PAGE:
Also, why are we only given the option of hardcover texts? My boyfriend insists he loves hardcovers because they last longer (whatever). Shouldn't I have the option to easily purchase softcover to save some money? I did a semester in Hong Kong, and their book store didn't contain a single hardcover text for class. Not only that, but many of the students didn't buy the text anyway, as the professor often scanned the necessary material for the students. While that may violate some sort of copyright laws, not offering the softcover versions to US students seems unfair. In fact, I brought the two texts I bought (for a reasonable price!) in Hong Kong and sold them on Amazon in the US. I probably made a small profit, even though I priced them lower than the similar hardcover versions. Abebooks.com often offers softcover "international" versions of college texts. I used one from there for one of my graduate classes last semester.

At the end of the semester, the college bookstore offers to buy back your textbooks from you. This is another rip off. They try to tell you that buying and selling your books through the book store is "good for the college" because they donate money to various student groups. I'd much rather that they offer me a fair price for my books! If I can sell it for $70 on Amazon, and the bookstore will sell it for $90 in the store next fall, why on earth would I give it to them for $45?

I would speculate that this scam of the textbook industry trickles down to high school and elementary school, but since the books are provided for "free" (with tax money), people aren't as aware of it. I went to a private school and we had to buy our own textbooks. Rather than the bookstore running a scam to make profits off of used books, each family would put an envelop with a price inside the book they were offering to sell. The students formed a big line (I think you got a place according to a raffle number) and you would pick the books you wanted to buy. You'd pay the amount listed on the envelope, which was later given to the parent. Unless a class was switching editions, you could come out about even every year.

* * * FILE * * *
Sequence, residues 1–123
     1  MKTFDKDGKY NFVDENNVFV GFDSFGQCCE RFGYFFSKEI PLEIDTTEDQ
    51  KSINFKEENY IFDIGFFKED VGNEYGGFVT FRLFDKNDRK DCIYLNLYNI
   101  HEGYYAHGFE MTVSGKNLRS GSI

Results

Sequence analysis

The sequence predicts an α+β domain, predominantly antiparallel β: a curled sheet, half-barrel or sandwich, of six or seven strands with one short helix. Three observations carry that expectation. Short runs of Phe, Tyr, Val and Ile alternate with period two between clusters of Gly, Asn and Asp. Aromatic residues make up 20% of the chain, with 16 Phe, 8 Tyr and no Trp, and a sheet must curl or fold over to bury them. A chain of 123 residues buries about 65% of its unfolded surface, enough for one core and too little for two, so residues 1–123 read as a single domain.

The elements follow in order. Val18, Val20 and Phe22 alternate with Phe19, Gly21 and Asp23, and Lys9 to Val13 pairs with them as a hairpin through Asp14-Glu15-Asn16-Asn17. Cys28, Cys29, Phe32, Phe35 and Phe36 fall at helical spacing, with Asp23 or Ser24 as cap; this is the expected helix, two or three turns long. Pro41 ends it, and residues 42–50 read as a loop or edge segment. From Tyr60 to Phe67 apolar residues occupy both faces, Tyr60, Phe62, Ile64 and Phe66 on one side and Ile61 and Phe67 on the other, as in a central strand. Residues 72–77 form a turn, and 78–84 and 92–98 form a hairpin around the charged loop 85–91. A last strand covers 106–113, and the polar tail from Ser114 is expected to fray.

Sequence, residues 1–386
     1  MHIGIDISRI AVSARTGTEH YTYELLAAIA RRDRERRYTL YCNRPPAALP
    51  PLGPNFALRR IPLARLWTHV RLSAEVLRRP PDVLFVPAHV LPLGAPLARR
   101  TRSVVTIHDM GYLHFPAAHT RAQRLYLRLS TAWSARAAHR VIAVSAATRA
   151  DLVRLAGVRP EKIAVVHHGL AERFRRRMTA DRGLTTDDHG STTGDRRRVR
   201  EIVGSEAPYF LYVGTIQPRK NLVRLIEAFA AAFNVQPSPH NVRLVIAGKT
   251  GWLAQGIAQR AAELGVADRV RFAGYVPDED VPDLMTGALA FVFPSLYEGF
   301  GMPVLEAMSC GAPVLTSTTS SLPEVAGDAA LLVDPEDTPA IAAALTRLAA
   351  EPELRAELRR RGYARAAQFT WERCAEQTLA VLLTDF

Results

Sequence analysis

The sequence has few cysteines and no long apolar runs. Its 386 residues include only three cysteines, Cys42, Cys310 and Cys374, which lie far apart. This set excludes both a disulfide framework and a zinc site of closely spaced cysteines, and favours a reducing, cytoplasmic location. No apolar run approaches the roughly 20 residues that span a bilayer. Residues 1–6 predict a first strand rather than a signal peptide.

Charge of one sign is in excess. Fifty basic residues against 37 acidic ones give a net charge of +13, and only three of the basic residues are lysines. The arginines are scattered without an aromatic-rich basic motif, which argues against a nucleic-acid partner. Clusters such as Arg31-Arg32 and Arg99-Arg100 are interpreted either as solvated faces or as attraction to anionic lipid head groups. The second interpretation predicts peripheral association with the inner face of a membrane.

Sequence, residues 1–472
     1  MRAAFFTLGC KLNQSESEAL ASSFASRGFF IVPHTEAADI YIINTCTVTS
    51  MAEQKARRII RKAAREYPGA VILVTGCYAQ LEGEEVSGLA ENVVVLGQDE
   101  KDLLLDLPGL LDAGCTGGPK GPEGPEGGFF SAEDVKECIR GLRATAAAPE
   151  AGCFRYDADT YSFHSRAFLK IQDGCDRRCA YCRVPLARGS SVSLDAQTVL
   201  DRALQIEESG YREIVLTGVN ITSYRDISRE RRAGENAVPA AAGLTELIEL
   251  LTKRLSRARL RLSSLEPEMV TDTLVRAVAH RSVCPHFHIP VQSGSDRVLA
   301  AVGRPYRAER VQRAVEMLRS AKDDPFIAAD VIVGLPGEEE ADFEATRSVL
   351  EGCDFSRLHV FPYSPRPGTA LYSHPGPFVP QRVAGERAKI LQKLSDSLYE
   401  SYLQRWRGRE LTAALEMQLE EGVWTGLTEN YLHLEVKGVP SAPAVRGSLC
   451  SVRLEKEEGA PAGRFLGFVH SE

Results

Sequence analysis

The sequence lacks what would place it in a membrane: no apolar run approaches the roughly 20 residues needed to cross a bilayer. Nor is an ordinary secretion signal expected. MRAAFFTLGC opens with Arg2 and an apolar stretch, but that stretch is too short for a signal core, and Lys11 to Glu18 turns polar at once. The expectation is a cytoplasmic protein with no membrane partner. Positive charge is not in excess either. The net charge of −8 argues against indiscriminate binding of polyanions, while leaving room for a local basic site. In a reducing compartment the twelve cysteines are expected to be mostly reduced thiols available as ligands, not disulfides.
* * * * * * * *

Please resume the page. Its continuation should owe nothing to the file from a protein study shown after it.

In later years of college, you could sometimes do a similar thing with classmates a semester ahead of you. These days, with facebook and other social networking sites hooking up buyers and sellers more easily, I wonder if anyone still shops at the bookstore.

2 comments:

Nivek said...

I hardly open my books and can still pull down A's. I keep buying them thinking that this time, I'll actually need them. They are almost as big of a rip off as the over-priced tuition.

Anonymous said...

this is my first year of college. I bought books from a bookstore near the campus and sold them back and I got ripped off. I then bought my books from the school for spring semester. At the end of this semester I plan to sell them all online to get more money, and I will also buy online! I feel so stupid, but I am glad I figured this out early.

Friday, November 2, 2007

Why college textbooks are a rip off

My freshman year of college, I believe I spent about $500 on college text books. Looking back, it was a foolish mistake, but I didn't know better at the time.

My first mistake was that I assumed that when a class said a text was required, they meant it. This turned out to be not true. Sometimes it was, sometimes it wasn't. Second, I bought books too late and there were no used ones left. Third, I didn't check the internet to compare prices.

Really, I think the college textbook industry is a huge rip off. If you've ever taken a class that recently switched from, say, edition 5 to edition 6, you may have noticed that the differences in the editions was primarily in the problem sets. Some texts may have major updates, but for the most part, the facts stay the same. Often times, the problems aren't even completely different, just altered in a minor way. How frustrating.

Not all professors played the game. One professor said that a text was required, but we could get any standard text relating to Control Systems we wanted. He pointed us to Amazon. He taught primarily from his lecture notes (and a text wasn't truly necessary), saving me about $100 that semester.

Also, why are we only given the option of hardcover texts? My boyfriend insists he loves hardcovers because they last longer (whatever). Shouldn't I have the option to easily purchase softcover to save some money? I did a semester in Hong Kong, and their book store didn't contain a single hardcover text for class. Not only that, but many of the students didn't buy the text anyway, as the professor often scanned the necessary material for the students. While that may violate some sort of copyright laws, not offering the softcover versions to US students seems unfair. In fact, I brought the two texts I bought (for a reasonable price!) in Hong Kong and sold them on Amazon in the US. I probably made a small profit, even though I priced them lower than the similar hardcover versions. Abebooks.com often offers softcover "international" versions of college texts. I used one from there for one of my graduate classes last semester.

At the end of the semester, the college bookstore offers to buy back your textbooks from you. This is another rip off. They try to tell you that buying and selling your books through the book store is "good for the college" because they donate money to various student groups. I'd much rather that they offer me a fair price for my books! If I can sell it for $70 on Amazon, and the bookstore will sell it for $90 in the store next fall, why on earth would I give it to them for $45?